Critics of the McCain plan claim that this proposal would seriously undermine the American public’s ability to access healthcare as the policy would involve the removal of employer backed health insurance coverage. However, this is not the case at all. Under the tax break system suggested by McCain employees would still be entitled to job-sponsored insurance and this initiative would simply give a dollar for dollar tax rebate to any individual who had purchased medical insurance.
This would, in McCain’s eyes, give the American public an incentive to go out and buy health insurance, which would in turn reduce corporate spending, and improve the overall quality of health insurance plans which in turn would increase the availability of healthcare. If there truly was a free and open market for health insurance established in the
Both arguments have their critics and supporters, and both proposals recognize that there is a fundamental problem in the American healthcare system. With rapid medical inflation, millions of uninsured and underinsured citizens and pharmaceutical prices skyrocketing this is an issue that may play a very important role in the upcoming elections. But it’s up to the voting public to inform themselves and understand the subject. Is one of these plans the way forwards for healthcare and insurance in the
A recent study by Civic Exchange, a Hong Kong-based think tank, estimates that poor air quality is accountable for nearly 10,000 deaths a year in Hong Kong. Furthermore, pollution costs the city billions of Yuan each year in loss of productivity, sickness, pressure on medical beds and premature death. With findings like these, air pollution can no longer be viewed as only a nuisance. In fact, air pollution in Hong Kong is approaching a health care crisis with huge public health and public spending implications.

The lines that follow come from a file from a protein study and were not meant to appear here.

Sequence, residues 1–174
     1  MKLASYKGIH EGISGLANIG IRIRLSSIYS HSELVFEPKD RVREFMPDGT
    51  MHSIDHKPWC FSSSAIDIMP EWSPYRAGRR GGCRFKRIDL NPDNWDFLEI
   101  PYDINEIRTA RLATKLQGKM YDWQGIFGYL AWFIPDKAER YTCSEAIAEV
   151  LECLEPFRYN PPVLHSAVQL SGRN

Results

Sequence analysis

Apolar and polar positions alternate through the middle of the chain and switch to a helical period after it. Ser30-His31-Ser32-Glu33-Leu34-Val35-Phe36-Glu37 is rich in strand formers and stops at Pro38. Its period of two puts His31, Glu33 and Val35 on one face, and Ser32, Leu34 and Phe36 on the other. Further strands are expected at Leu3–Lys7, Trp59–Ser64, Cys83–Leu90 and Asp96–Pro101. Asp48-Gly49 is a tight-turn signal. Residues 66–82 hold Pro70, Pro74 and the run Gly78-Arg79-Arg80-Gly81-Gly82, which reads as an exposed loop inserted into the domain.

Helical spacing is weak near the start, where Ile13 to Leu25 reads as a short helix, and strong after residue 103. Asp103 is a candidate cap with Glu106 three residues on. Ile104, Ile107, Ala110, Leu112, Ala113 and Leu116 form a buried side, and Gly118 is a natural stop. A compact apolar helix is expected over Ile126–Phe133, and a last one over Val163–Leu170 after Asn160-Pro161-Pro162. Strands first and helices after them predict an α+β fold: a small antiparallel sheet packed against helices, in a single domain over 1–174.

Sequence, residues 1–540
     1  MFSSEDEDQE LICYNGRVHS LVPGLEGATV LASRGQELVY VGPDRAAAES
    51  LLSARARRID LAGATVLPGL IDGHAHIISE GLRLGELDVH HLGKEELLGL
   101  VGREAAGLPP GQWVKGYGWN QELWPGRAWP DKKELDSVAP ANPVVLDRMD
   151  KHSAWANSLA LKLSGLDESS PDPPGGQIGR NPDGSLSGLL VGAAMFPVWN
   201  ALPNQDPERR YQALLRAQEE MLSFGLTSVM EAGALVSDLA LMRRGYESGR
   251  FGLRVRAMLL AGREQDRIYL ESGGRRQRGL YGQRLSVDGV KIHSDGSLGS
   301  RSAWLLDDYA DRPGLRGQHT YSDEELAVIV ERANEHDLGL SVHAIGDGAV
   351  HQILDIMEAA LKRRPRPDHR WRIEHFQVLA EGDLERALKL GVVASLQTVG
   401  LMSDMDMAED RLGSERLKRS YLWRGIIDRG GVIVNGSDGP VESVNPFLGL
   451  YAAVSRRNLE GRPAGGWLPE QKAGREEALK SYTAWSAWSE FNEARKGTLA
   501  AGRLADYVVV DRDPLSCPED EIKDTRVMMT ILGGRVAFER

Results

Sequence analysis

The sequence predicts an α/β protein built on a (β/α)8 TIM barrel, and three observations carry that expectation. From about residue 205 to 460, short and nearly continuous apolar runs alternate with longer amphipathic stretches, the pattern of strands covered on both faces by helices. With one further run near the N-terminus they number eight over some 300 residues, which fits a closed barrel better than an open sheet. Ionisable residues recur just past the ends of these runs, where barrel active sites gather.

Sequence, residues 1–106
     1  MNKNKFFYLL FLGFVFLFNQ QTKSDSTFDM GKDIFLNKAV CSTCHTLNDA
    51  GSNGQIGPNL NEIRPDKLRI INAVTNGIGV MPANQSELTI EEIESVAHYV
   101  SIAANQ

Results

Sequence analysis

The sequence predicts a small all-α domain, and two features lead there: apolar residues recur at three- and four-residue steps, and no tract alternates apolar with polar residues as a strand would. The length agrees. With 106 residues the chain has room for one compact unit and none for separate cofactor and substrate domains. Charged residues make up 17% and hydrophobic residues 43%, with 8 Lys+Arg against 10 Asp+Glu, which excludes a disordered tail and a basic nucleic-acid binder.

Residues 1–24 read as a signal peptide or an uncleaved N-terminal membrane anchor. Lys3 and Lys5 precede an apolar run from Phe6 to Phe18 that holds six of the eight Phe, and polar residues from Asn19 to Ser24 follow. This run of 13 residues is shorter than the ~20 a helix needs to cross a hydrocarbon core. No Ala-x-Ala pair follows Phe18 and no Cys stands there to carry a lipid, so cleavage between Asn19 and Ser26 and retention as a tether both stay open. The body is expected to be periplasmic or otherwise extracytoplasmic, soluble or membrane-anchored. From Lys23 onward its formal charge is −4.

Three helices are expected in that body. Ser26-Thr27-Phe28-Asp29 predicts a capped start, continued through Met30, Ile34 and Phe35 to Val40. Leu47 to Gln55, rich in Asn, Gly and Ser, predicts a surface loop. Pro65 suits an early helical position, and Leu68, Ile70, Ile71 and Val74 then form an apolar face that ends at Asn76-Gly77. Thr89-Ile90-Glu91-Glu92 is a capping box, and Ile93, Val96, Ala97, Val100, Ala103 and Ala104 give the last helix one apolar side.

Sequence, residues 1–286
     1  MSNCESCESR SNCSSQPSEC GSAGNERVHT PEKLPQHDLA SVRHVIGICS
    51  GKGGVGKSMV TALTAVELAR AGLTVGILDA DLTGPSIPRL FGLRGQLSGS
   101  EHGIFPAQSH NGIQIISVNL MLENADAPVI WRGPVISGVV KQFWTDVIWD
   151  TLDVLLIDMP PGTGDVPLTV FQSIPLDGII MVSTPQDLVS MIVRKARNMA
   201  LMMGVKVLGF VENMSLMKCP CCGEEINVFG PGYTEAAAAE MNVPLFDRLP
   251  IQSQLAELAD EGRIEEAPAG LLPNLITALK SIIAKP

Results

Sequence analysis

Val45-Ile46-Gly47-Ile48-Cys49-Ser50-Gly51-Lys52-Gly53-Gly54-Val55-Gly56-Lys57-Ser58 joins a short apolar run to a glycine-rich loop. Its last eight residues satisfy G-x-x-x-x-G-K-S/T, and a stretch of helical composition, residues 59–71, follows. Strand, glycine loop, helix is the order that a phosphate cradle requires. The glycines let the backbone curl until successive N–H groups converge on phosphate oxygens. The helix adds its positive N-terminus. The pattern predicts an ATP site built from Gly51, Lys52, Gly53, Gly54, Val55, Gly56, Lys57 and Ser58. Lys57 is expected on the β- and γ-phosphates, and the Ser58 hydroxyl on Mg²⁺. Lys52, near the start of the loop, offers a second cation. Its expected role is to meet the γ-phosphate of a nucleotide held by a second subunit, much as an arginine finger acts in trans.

On most days in Hong Kong, the air quality is so poor that views of such landmarks as Victoria Harbor, Central’s skyline and The Peak are hampered or not visible as a result of thick, grayish smog. Where is this smog coming from? Many negligent citizens like to attribute the harmful smog to the many factories just outside of Hong Kong, dotting the Pearl River Delta. While this idea holds some weight, a look into published research findings shows that over half of the pollution in Hong Kong comes from local sources. Hong Kong is heavily reliant on coal-fired power plants, old diesel trucks and diesel powered ships. If you’ve walked around any district in Hong Kong, you know what I mean. New construction seems to be eternally on-going. And all of these activities bring dangerously high levels of nitrogen oxide and particulate matter to Hong Kong’s air.
And given all these visible and statistical trends, air quality improvement initiatives seem to take a back seat to goals for economic prosperity and ignorance. For example, studies have shown that the Macau-Zhuhai-Hong Kong Bridge being built now will increase air pollution. Increased traffic between Macau and Hong Kong and further infrastructure development necessary to handle this increase in traffic are all contributing factors.